Networking is one of those things that you HAVE to do if you want to get new clients, retain clients, meet new companies to work for, recruit people, and basically every other business essential. So, I go to networking events. And it never ends with me congratulating myself for a job well done in the car on my way home.
Nope. It's always me shaking my head, wondering how this can possibly be helping my company. Here are three summaries of the networking events I have been to thus far in Richmond:
The first networking event I went to was after work in an area I did not know. I left work, only to realize that I had left too late to make it on time, so the entire time I was driving there I was having bad anxiety for being late. I show up late, only to realize that the start time was pretty lenient. So now I was that awkward person stress sweating in the corner over nothing. I spent the first few minutes mingling and making small talk. Then the speaker said it was time to start, but feel free to grab some appetizers since it was a casual event. So, I take that to mean that I should grab food.
I'm piling up my plate full of cheese, and then decide I want some grapes. Rather than walking around the table to grab the grapes, I just reach over, and BAM: knock over my full plate of cheese. So then I proceed to clean up all the cheese cubes off the floor, while the speaker is speaking. Once I am done, I decide to try again, since I am still hungry.
I get my cheese to my seat safely and devour it quickly to make the whole eating debacle end. The speaker ends and I am ready to get out. I've hit my limit on networking, so I make a B-line to the door. Naturally, I run into the speaker, who thanks me for coming and asks me if I had any questions. I froze on the spot. My mind was blank. Literally nothing was happening up in the barren wasteland of where my brain supposedly was.
"Thank you for the presentation! I was very interested in it," was all I managed as I stumbled back out onto the street. I kicked myself the whole way home for that one.
The second event I went to was a lot less traumatic. I went with a co-worker, so we stuck by each other and I created a lot less of a scene. I can't say this was a successful event since the only person I "networked" with was the woman I already worked with, but at least all the cheese stayed on the table this time.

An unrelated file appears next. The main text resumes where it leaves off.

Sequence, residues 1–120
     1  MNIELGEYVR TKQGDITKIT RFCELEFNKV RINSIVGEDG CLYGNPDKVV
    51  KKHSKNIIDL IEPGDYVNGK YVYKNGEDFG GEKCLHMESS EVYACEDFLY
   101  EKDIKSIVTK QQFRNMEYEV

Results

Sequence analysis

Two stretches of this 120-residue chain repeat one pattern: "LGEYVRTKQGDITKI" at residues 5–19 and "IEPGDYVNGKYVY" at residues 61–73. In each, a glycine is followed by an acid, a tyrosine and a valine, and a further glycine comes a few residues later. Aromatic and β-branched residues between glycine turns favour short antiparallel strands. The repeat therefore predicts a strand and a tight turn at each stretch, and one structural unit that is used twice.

The third event I went to gave me more social anxiety, as I knew I was going alone again. I literally had a nightmare the night before about what might go wrong. Regardless, I showed up, signed in, and went straight to the bathroom. It seemed like the place to go where being alone wasn't awkward. When I reemerged, I saw a friendly looking lady sitting in a corner alone. Naturally, that is where I wanted to go.
We chatted it up and exchanged business cards. It felt like I was actually networking properly this time. Then we go inside and I have some awkward dialogue with a few older men, and end up with a guy that decides to sit way too close to me. Beside the discomfort of someone within my personal bubble for the entire luncheon, there were only two awkward incidents at this event, which I will count as a victory.
My two awkward moments stem from asking these questions:
1. "What did you study to get a job like that?" On its face, it seems like a normal question, but I made an assumption that they went to school to study something, so there was a long awkward pause when it was admitted that she did not go to college. I tried playing it off, so hopefully it was only a little awkward.
2. "How long have you been in direct sales?" Again, I thought this seemed safe, but nay. This question went over like a lead balloon. The man cut his eyes to me and told me not to ask that. Apparently, men too have a complex when you ask them something that might indicate their age.
So maybe networking isn't my thing right now, but hopefully with a few more experience, I will walk away with more business contacts and less embarrassing stories to tell people.